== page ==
Wednesday, June 22, 2016

Thrower in the wry

I watched a documentary about J.D. Salinger the other night on Netflix. And I have to say, I came away from watching it knowing more about J.D. Salinger than I had ever really wanted to know, but with less of an understanding of why people are obsessed with Catcher in the Rye.

Now granted, it has been more than 40 years since I read Catcher in the Rye. It was required reading when I was in Junior High. Holden Caulfield, the book's main character,  is recognized in the literary world as a symbol of teen angst and rebellion. But I just didn't find him relevant.  I grew up in Boise and Holden Caulfield, the main character was growing up in New York. I can state with great conviction, these are two very different cities.  Coalfield's attended prep school and his family had money. I attended public school, my father was a janitor and my mother worked part time in a grade school lunch room. So you get a sense of where my family was on the money spectrum.

I guess I've always been fascinated with J.D. Salinger more because he was a recluse than for his writing. He basically hid out for the last 50 years of his life. He was another one of the writers who hit a home run in the beginning of his career and than hid in the dugout for the rest of it. An apparently he hid out because so many of his fans tried to seek him out because for whatever reason his words spoke to him. One of those fans was Mark David Chapman, the whack job that killed John Lennon. So there was probably a good reason Salinger was a recluse.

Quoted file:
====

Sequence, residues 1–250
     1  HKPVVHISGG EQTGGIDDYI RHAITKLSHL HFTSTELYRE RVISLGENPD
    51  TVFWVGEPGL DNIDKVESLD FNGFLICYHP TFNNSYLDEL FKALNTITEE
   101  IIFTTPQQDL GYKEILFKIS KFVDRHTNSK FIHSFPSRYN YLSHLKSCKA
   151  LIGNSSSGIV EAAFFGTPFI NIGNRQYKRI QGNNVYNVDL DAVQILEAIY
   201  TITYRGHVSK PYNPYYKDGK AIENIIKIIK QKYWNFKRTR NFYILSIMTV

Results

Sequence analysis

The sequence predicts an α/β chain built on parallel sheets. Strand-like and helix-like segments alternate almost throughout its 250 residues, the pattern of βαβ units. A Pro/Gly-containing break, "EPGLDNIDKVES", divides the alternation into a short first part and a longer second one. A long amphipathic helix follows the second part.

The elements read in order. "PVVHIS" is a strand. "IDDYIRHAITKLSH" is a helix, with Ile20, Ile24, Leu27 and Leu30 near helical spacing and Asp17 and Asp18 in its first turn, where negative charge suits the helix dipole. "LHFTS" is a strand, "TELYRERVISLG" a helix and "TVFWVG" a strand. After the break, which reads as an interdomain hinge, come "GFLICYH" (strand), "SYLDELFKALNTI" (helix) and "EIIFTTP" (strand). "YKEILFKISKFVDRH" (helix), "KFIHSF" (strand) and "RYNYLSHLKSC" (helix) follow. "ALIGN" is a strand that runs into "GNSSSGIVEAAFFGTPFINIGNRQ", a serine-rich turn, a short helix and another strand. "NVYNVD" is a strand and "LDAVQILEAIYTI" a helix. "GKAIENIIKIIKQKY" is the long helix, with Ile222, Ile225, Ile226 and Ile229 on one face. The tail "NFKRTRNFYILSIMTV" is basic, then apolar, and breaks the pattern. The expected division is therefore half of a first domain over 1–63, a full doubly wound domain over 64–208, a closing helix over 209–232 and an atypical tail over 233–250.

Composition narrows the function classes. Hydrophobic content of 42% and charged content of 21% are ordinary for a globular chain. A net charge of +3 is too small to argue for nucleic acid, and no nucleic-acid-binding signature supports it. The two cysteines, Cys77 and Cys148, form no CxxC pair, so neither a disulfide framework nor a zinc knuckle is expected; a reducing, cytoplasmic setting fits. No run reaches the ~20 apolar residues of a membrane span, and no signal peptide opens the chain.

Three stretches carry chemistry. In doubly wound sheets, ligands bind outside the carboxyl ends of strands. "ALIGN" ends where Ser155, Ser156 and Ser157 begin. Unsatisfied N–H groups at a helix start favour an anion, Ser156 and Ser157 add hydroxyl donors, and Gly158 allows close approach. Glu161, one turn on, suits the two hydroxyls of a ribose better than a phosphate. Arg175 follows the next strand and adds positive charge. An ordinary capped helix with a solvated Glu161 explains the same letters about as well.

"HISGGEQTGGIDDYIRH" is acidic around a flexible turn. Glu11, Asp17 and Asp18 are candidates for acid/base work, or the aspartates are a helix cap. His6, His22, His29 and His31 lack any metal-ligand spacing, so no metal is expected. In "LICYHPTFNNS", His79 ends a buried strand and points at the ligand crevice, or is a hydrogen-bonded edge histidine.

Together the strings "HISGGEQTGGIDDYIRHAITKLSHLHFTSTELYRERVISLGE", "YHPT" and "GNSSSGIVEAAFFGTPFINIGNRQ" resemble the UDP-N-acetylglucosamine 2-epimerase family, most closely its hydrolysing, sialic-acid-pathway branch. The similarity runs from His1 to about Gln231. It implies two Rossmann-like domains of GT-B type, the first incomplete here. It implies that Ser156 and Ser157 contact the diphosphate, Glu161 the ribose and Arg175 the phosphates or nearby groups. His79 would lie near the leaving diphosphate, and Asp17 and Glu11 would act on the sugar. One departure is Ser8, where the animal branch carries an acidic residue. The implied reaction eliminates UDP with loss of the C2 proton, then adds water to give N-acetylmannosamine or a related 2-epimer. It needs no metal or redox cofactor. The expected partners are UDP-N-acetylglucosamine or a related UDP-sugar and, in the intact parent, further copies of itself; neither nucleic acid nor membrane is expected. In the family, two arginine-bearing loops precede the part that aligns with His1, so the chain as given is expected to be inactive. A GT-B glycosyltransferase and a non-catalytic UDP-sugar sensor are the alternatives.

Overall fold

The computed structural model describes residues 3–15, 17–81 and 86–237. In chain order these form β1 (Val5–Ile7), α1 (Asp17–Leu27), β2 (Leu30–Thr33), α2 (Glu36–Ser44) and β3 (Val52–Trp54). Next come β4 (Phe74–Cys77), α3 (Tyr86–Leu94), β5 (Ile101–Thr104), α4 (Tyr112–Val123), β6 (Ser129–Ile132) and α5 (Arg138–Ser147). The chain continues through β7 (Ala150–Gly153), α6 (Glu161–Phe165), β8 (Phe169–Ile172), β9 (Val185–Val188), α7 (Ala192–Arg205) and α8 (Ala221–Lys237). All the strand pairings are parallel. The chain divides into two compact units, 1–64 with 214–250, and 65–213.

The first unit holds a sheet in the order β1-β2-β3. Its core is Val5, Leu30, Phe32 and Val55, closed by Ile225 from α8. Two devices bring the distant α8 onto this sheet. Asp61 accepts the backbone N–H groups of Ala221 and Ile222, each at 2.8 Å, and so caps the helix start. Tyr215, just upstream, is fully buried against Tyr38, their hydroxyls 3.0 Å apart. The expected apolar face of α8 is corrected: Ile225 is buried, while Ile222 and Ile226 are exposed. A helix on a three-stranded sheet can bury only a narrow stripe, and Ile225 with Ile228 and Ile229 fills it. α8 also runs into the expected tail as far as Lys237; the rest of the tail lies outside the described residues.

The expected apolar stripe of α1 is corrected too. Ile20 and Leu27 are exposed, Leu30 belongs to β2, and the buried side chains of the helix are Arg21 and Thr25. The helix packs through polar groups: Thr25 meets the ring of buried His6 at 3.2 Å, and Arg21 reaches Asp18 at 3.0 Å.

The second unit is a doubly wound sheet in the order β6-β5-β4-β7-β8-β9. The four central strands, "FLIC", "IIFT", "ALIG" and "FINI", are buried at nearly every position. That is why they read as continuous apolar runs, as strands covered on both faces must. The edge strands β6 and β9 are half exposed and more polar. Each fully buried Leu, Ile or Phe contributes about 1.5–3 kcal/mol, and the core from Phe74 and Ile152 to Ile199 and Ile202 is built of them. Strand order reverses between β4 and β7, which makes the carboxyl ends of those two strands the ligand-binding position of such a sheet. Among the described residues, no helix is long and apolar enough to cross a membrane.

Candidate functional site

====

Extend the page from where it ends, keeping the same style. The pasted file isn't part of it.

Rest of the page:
The documentary followed Salinger through his World War II days. He first saw combat on D-Day. And he witnessed the liberation of one of the Jewish concentration camps. Then he checked into a mental hospital in Germany for a few weeks. I can't blame him.

Apparently Salinger met Hemingway (an author in greatly admired) in Europe during the war and asked him to read some of his writing. Hemingway liked it. This I also can't relate to because I'm not a big Hemingway fan either.  Though he did have a cool beard (Hemingway, not Salinger).

After publishing the successful Catcher in the Rye, Salinger apparently became obsessed with obscure religions and belief systems including Kriya Yoga, Christian Science (the one thing he and I had in common), Dianetics (the precursor to Scientology), Edgar Cayce, acupuncture and macrobiotics.

Salinger also seemed to have a proclivity for young, teen aged women who he would develop a relationship with via letters and then invite them to his home in New Hampshire where he quickly became bored with them. One of them was 18 years old when she moved in with at the time 53-year old Salinger. Something tells me Salinger subconsciously still saw himself as a horny, 17-year old Holden Caufield.

Salinger died of natural causes in 2010 in his New Hampshire home. He was 91.

My main take away from the documentary was that Salinger's typewriter was was a few keys shy of a full alphabet (if you catch my the wry).

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